Kelly accuses Beyoncé and Pharrell of ‘stealing’ song on ‘Renaissance’


Kelis accused Beyoncé and songwriters and producers Pharrell Williams and Chad Hugo of discovering a song from Beyoncé’s highly anticipated new album, “Renaissance,” on Thursday night, containing an episode from Kelis’s hit single “Milkshake.”

Earlier this week, an Instagram fan page noticed this usage. On Thursday, Kelly commented in a post that she had not been contacted before Beyoncé’s track was released. She pointed out the “level of disrespect and total ignorance on all 3 parties” – explicitly mentioning Beyoncé, Williams and Hugo – and expanded on her in two videos later posted to her personal Instagram page of frustration.

“This is not collaboration,” she said. “It’s called theft because the definition of collaboration means we’re working together. If you don’t check if everything is fine, there’s no collaboration.”

Representatives for Beyoncé and Williams did not respond to The Washington Post’s request for comment.

Here’s one of the most high-profile copyright cases of the past decade — and how experts distinguish between infringement and inspiration. (Video: Daron Taylor, Sarah Hashemi/The Washington Post)

According to forensic musicologist and Berklee College of Music professor Joe Bennett, there are two main copyrights in music: musical compositions related to songwriting and publishing; and sound recordings, often referred to as masters. A common industry model that Taylor Swift has developed in recent years is that the labels own the masters and the songwriters own the music.

Bennett said Beyonce, Williams and Hugo were not legally obligated to contact Kelly before pulling out of “The Milkshake,” because Williams and Hugo, who produced the 2003 single Neptune, were also the only ones listed on the list. out songwriter. They received writing credit on Beyoncé’s track “Energy”, full credit noting that the song contains an interpolation of Kelis’ “Milkshake”. (Interpolation means “Energy” doesn’t contain the actual audio from “Milkshake,” but an interpretation of it.)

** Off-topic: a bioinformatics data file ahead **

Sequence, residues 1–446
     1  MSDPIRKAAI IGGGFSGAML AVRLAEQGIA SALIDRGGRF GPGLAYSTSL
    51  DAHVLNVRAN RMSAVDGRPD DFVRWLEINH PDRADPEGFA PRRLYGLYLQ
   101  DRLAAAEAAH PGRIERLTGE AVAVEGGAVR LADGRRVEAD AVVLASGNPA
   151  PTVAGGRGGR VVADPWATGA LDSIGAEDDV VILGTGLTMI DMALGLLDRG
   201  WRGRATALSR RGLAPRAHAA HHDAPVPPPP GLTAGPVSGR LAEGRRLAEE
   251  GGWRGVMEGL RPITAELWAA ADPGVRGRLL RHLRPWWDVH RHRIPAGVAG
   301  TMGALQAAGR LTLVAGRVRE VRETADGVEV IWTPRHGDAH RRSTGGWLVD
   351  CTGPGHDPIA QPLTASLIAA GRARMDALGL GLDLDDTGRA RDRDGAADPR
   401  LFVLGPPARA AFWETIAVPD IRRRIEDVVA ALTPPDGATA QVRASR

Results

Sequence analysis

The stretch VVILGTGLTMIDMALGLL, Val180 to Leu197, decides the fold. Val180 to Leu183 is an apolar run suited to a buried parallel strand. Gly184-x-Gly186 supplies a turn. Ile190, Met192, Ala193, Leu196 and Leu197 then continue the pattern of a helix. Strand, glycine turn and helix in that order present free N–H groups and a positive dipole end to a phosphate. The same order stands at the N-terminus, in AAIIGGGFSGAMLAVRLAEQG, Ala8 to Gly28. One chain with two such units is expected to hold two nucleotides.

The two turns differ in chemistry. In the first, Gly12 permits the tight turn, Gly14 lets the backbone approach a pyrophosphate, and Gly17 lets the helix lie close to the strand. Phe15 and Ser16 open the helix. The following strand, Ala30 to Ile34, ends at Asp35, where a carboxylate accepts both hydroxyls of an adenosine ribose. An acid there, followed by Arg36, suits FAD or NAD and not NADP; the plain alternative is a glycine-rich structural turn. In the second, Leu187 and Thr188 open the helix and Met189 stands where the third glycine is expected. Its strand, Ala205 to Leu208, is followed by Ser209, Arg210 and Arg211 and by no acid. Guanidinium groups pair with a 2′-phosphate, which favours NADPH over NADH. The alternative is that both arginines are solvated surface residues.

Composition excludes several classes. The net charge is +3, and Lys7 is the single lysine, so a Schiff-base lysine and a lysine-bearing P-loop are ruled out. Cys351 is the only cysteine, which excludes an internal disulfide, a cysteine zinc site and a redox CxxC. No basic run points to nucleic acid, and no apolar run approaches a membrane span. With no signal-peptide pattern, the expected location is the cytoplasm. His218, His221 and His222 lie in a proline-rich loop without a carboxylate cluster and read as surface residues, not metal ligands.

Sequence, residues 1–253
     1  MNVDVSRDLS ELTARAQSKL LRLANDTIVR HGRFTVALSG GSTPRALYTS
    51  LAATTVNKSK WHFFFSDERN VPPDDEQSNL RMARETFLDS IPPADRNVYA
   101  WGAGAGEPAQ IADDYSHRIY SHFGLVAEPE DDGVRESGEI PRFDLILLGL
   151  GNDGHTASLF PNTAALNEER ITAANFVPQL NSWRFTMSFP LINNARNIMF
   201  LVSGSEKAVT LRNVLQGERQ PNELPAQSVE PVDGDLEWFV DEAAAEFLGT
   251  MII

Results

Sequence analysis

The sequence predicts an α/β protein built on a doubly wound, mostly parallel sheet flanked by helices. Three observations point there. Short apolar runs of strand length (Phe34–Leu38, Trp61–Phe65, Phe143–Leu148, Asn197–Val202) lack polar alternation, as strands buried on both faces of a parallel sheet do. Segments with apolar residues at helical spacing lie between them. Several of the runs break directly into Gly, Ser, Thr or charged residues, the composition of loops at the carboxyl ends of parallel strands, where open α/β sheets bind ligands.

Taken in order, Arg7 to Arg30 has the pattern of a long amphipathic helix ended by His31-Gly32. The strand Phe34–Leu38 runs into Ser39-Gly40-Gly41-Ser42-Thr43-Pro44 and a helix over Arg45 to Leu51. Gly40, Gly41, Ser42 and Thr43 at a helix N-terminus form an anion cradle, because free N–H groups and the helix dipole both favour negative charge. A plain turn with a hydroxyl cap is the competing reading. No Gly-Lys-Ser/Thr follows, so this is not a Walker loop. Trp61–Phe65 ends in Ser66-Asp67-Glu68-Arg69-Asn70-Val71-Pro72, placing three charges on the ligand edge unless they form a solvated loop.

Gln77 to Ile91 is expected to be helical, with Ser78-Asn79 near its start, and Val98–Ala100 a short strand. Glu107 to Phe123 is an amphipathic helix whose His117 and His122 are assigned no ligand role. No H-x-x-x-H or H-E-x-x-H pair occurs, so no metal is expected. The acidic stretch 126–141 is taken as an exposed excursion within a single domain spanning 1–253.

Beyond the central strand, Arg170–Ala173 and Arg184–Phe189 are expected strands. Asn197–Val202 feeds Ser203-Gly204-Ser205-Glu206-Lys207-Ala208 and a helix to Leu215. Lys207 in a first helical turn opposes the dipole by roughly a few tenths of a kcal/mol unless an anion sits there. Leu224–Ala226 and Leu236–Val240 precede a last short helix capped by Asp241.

“Legally,” Bennett said, “this case is open and closed.”

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But for Kelly, who was nominated for a Grammy for Best Urban/Alternative Performance for “Milkshake,” it came down to “general decency.” In her second Instagram video, she said her anger was “not really about Beyoncé,” but against what she saw as “a lot of hypocrisy.” Williams has spoken openly about how artists should own their music, or have the power to redo deals, she said. But early in her career, she struck a deal with Williams and Hugo that she now considers unfair.

Kelly met Neptune when she was 19 through a mutual friend, and they hit it off creatively. Speaking to The Guardian two years ago about her early music, Kelly recalled that she was “told we were going to split the whole thing on 33/33/33, but we didn’t do that.” She Said she was “blatantly cheated and deceived” and that she didn’t make money from the sales of her first two albums, both of which Neptune produced.

“Their argument was: ‘Okay, you signed it.’ I thought: ‘Yeah, I signed what I was told, and I was too young and stupid to double-check it,'” Kelly told the Guardian. .

In a second Instagram video, Kelis reiterated that she knows “what I have and what I don’t have”.

“I also know the lies being told,” she continued. “I know what’s stolen too. Publishing is stolen and people are disenfranchised. It happens all the time, especially back then. So it’s not because I’m mad at Beyoncé.”

Beyoncé has announced that her seventh solo studio album, “Renaissance,” will be the first of a “Three Act Project.” The album’s launch thus far has been more traditional than one might imagine for Beyonce, who is known for curated surprises. She teased its release with the explosive single “Break My Soul,” which contained a sample of Robin S’s song “Show Me Love.”

“Show Me Love” goes to Alan George and Fred MacFarlane — who, in a similar way to Williams and Hugo, received writing credits on Beyoncé’s track. Like Kelis, Robin S didn’t realize her work had been sampled until she heard “Break My Soul.” But she’s delighted with the usage, telling Ebony magazine that Beyonce is “part of my legacy and I’m now part of her legacy”.

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